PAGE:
I always loved the notion of someone getting on the microphone and saying I'm great and I don't need to wait for the powers that be that think all leading men and women look the same to provide the stamp of approval. Of course, it hasn't always been smooth sailing as rap's message of economic freedom is muffled with the notion that it's possible by dropping out of school. Plus, there isn't enough room for everyone to rap or play ball. Like I said, I hate the "n" word riddles in every song these days and some of the lyrics are just plain dumb. But I love the American Dream that includes owning a passport and traveling around the world. Particularly as Al Sharpton whines that a lack of identification is a racist plot.

Huddled Masses

Your huddled masses yearning to breathe free
The wretched refuse of your teeming shore...
Emma Lazarus

America once welcomed the rest of the world through its golden door lit by the torch of the Statue of Liberty, but these days we are being told we are all the huddled masses. That somehow we are the wretched refuse living in fear of a guy that used to bully kids in prep school. How can America regain its greatness if we are told greatness is a bad thing in the first place? How can we ignite the economy when we are told consumerism is vulgar?

How can we spark that engine when we are all hiding and waiting, when so many special interest groups are being told the glow they see isn't from a torch of liberty but the evil aspects of capitalism?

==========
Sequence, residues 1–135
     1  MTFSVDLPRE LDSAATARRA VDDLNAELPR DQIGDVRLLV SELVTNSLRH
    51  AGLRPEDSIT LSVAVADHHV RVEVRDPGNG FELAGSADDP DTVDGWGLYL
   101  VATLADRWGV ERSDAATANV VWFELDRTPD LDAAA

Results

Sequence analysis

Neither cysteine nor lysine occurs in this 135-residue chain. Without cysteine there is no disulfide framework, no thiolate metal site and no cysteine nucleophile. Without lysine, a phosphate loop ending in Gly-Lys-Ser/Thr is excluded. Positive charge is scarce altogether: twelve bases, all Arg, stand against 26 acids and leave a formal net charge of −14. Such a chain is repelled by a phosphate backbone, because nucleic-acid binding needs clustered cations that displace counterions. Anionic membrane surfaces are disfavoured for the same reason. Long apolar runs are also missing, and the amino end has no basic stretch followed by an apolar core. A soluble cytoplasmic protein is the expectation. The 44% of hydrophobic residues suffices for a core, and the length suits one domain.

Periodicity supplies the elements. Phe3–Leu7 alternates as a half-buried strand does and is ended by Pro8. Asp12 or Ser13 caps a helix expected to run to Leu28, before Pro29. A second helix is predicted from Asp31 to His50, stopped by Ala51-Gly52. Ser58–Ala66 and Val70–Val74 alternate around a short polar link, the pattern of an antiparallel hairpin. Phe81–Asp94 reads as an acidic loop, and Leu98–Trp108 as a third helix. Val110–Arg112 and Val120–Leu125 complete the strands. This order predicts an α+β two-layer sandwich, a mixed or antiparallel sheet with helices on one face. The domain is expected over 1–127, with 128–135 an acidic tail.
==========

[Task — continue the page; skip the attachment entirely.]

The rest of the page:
This is the new New Colossus, a country being ripped apart through a campaign of fear and envy. A country that creates new victim groups while trying to hold down old victim groups that might spin out of the grips of victimization.

When the media spends its time saying the worst thing about an ass like Kanye West is flaunting his wealth and the worst problem in the nation is that Mitt Romney might have been a jerk in high school, we are all in a lot of trouble. We are nothing more than a bunch of huddled masses.
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Charles Payne

Charles V. Payne is a regular contributor to the Fox Business and Fox News Networks. He is also the Chief Executive Officer and Principle Analyst of Wall Street Strategies, Inc. (WSSI), founded in 1991 which provides subscription analytical services to both individual and institutional investors.